Sunday Afternoon

October 4th, 2004  |  Published in etc

Sunday was a good day for thinking. Maybe not a lot of conclusions, but some thinking.

i.

Yesterday we went to the second service at the Unitarian church downtown. My first-ever Unitarian service, and a look at a kind of church I didn’t ever see when I was going as a kid.

I went in fairly free of preconception. Al stopped me from putting on a jacket and tie, telling me I’d be pretty overdressed (it wouldn’t have been that bad) so I switched to my nicest guayabera. But the service was pretty much the kind of service I’ve seen in any other church: invocation… offertory… doxology… sharing of joys and concerns… children’s time (which is used to move the children off to “religious education,” which is a minor shift from the Sunday-school-then-service pattern)… then a moment of silence and a sermon. Hymns scattered in the midst of it.

The only things that really indicated to me that I wasn’t in a standard, mainline Protestant service would probably have to be the lack of any overt religious symbols in the sanctuary (that I could spot, anyhow) and the minister’s mention that the children’s “religious education” would be moving through a period where it focused on “our Judeo-Christian history.” And the bulletin mentioned a class in the Bhagavad-Gita, but without any comment on how it was being taught.

The other thing that caught my eye was a Thursday meeting with members of the church board so they can explain their reasoning behind coming out with a statement against constitutional amendment 36 to members of the church. I’m thinking about going. (Sidenote: Unlike Sven and Gretchin’s, my “No on 36” sign has lasted for a few weeks. We even bought a spare in case something happened to the first one, but so far so good. Our neighborhood’s like that, I guess.)

I suppose I want to go because I’m curious about whether they’ll address what they plan to do if the amendment passes and we do get a fully heterosexual definition of marriage written into the state constitution. Will they conduct unlicensed marriages in defiance of the law as a matter of conscience?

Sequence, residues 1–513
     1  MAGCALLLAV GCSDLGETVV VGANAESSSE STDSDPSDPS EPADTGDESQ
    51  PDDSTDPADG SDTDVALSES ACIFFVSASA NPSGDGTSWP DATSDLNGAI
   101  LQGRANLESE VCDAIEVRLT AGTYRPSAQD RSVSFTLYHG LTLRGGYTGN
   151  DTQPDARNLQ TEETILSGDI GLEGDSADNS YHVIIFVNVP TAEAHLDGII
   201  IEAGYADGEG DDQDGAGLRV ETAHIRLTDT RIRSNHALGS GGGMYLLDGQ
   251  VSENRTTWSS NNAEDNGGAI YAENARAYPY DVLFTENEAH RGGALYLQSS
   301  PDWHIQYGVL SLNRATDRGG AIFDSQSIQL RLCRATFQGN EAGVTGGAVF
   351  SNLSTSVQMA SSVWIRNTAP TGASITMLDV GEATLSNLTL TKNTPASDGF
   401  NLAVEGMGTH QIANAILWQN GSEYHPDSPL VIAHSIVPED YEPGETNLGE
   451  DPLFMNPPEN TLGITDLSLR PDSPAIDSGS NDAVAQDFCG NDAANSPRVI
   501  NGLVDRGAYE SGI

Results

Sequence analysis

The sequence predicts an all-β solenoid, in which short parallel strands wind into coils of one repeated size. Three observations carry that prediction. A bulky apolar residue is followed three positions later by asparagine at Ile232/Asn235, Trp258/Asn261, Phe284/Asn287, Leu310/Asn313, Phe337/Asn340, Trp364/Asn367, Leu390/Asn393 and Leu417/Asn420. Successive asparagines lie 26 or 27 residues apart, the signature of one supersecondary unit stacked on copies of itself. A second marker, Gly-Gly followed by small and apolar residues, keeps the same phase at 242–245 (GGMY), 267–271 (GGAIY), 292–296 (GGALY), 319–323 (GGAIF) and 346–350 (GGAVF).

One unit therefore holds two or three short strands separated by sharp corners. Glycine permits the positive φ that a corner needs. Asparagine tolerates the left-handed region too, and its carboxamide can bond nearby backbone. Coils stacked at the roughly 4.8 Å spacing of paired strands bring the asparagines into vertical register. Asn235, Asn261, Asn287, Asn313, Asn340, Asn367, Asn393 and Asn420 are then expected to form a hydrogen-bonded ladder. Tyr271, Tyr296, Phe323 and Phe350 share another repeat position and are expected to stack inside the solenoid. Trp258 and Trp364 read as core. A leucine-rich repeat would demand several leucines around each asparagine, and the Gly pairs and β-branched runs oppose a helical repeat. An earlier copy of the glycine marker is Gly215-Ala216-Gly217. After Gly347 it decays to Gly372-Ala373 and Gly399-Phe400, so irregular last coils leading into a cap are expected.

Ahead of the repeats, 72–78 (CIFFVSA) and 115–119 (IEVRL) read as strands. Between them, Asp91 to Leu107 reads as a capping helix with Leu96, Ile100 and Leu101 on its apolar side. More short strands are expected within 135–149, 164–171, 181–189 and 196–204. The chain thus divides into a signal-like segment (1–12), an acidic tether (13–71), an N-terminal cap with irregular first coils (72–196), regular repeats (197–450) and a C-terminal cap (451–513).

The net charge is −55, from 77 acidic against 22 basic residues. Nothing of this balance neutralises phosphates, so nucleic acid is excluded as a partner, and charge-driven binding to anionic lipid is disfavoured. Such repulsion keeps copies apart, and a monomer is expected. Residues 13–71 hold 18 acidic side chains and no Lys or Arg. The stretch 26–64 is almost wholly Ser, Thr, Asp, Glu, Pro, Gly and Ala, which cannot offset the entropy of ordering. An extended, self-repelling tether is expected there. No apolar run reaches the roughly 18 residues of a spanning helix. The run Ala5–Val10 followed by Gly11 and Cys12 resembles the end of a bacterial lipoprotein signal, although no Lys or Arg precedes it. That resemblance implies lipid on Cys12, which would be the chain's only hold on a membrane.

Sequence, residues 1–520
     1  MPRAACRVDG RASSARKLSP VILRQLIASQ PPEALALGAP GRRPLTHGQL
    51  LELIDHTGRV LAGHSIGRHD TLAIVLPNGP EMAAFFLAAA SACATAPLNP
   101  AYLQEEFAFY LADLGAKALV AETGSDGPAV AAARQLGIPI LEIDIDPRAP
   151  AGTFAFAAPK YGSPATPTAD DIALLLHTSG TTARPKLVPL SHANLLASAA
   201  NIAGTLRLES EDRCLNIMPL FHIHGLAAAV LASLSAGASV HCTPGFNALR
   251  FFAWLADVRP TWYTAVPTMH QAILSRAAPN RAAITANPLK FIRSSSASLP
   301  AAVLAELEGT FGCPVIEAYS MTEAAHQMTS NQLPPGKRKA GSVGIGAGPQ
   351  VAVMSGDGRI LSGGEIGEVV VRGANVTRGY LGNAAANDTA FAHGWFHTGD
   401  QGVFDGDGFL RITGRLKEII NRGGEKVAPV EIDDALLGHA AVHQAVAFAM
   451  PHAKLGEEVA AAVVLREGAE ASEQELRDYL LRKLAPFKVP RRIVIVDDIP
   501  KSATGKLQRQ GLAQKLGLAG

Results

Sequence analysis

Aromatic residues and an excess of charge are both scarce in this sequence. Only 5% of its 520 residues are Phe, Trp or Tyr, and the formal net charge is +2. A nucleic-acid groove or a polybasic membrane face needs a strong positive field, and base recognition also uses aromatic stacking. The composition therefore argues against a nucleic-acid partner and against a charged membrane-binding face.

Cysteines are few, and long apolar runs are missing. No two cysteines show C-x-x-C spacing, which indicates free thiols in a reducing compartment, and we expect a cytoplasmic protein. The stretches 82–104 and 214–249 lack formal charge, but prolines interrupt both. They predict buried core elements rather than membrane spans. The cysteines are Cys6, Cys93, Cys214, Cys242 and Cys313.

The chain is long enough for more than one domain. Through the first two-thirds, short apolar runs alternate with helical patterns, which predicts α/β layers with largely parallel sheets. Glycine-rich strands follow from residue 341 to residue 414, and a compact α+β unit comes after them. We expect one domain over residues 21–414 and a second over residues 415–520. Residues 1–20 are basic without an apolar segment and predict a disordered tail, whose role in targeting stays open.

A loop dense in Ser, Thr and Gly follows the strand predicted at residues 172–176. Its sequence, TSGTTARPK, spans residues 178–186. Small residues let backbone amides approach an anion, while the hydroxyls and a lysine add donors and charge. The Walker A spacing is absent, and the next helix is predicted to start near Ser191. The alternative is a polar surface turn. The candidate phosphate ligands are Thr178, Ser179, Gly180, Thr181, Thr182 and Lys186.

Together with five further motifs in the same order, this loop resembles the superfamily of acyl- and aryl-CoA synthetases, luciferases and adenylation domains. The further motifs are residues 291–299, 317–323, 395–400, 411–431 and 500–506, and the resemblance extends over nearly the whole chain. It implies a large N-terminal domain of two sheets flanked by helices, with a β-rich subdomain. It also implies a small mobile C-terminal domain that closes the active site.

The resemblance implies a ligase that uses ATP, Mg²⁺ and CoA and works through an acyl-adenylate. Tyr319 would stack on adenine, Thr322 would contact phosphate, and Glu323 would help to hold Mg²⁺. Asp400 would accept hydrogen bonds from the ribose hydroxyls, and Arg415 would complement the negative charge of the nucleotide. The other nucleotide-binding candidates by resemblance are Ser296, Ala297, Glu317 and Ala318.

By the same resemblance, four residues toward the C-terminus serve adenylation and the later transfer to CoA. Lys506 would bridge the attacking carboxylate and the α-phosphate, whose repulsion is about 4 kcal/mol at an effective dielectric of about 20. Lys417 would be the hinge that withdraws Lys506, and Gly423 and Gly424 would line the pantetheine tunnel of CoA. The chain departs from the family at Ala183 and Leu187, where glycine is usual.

I guess another reason it seems useful to go is because of a nagging sense I’ve got that one of the things we’re (we in a societal sense) losing is a collective agreement on the existence of “people of good will who disagree with us.” That’s been rattling around in my head for several weeks now, since reading Phil Agre’s “What is Conservatism and What is Wrong With It?” several weeks ago. Everyone I know probably doesn’t want to hear about it anymore, but it’s still bobbing up and down in the front of my thoughts. Especially this paragraph:

Liberalism is a movement of conscience. Liberals speak endlessly of conscience. Yet conservative rhetors have taken to acting as if they owned the language of conscience. They even routinely assert that liberals disparage conscience. The magnitude of the falsehood here is so great that decent people have been set back on their heels. […] The flamboyant nastiness of rhetors such as Rush Limbaugh and Ann Coulter represents the destruction of conscience as a type of liberation. They are like cultists, continually egging on their audiences to destroy their own minds by punching through one layer after another of their consciences.

Agre has keyed into something that has consistently bugged me, but that I hadn’t figured out how to articulate for myself.

The corrosive secondary effect of that assault on conscience, besides serving to marginalize people acting on a different set of principles, is the self-demonization of people who perceive “morality” and “goodness” to have become the property of a narrow collection of bigoted fundamentalists who presume to judge others’ faith. Those bigoted fundamentalists make it difficult to speak about moral or ethical behavior without invoking notions of abstemious piety and literal-minded intolerance of dissent. That’s a side matter, and I haven’t really gotten around to articulating it very well, so I’ll leave it be.

It seems useful to go because I want to see faith communities (this afternoon Phil called them “communities of conscience,” which is better) that aren’t on that side.

ii.

That side has been very much on my mind lately.

I think the reaction to Bush’s poor performance at last week’s debate is what got the wheels turning… the way people on conservative Web sites were in denial about his shoddy performance (not across the board… some were pretty game about the whole thing), as if there’s ever been any doubt that Bush in a formal debate setting is worse than a fish out of water.